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Oxford and Cambridge Boat Race crews prepare to face on E.coli from sewage in the Thames today – after their preparations were hit by FLOODING

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Oxford and Cambridge rowers prepared for the historic boast race on the quiet E.coli-ridden river Thames this morning after Oxford revealed they had lost key training time due to flooding.

The racers from the UK’s top universities gently rowed along the river in Putney as they prepared to go head-on in their annual heart-racing battle on Saturday.

But Oxford’s athletes will likely have more than winning the title on their minds, as their training took a huge blow after their Wallingford headquarters was thwarted by flooding.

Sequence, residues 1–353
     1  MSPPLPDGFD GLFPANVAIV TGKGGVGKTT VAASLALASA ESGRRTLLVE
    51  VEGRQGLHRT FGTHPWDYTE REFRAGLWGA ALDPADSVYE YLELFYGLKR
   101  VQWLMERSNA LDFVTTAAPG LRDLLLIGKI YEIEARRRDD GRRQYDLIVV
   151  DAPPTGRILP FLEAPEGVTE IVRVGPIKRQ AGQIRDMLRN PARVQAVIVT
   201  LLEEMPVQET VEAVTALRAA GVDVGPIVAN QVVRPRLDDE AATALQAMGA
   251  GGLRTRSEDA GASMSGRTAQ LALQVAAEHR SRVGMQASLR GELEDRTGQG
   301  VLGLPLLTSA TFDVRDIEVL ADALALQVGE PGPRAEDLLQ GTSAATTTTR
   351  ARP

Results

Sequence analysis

Unlike Cambridge, who have been able to paddle to their heart’s content in dry training base in Ely, East Anglia, Oxford base has been impacted by wet weather for the last six months.

‘The weather has been pretty terrible this year,’ Oxford rower Harry Glenister told The Telegraph: ‘Cambridge think that’s a disadvantage for us.’

Oxford and Cambridge rowers train on the E.coli ridden Thames this morning as they prepare to go head-to-head in their annual historic boat race (pictured)

Oxford and Cambridge rowers train on the E.coli ridden Thames this morning as they prepare to go head-to-head in their annual historic boat race (pictured)

But E.coli concerns and winning the illustrious title won't be the only thing on Oxford athletes mind as their training has been impacted by flooding for the last six months

But E.coli concerns and winning the illustrious title won’t be the only thing on Oxford athletes mind as their training has been impacted by flooding for the last six months